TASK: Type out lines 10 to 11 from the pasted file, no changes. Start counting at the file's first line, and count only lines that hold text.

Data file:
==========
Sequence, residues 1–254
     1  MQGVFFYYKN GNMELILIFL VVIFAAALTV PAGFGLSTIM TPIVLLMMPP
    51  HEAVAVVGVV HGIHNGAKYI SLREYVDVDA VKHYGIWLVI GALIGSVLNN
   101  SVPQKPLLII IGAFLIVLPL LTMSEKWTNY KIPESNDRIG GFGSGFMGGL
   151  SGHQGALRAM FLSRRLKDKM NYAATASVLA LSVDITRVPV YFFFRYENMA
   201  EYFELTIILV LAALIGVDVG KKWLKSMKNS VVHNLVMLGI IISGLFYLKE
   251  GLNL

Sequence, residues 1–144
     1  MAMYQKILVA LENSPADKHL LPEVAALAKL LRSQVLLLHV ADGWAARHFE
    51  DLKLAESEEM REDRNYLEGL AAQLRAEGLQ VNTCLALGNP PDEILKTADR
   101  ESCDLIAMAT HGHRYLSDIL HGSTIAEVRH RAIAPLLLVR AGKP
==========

    51  DLKLAESEEM REDRNYLEGL AAQLRAEGLQ VNTCLALGNP PDEILKTADR
   101  ESCDLIAMAT HGHRYLSDIL HGSTIAEVRH RAIAPLLLVR AGKP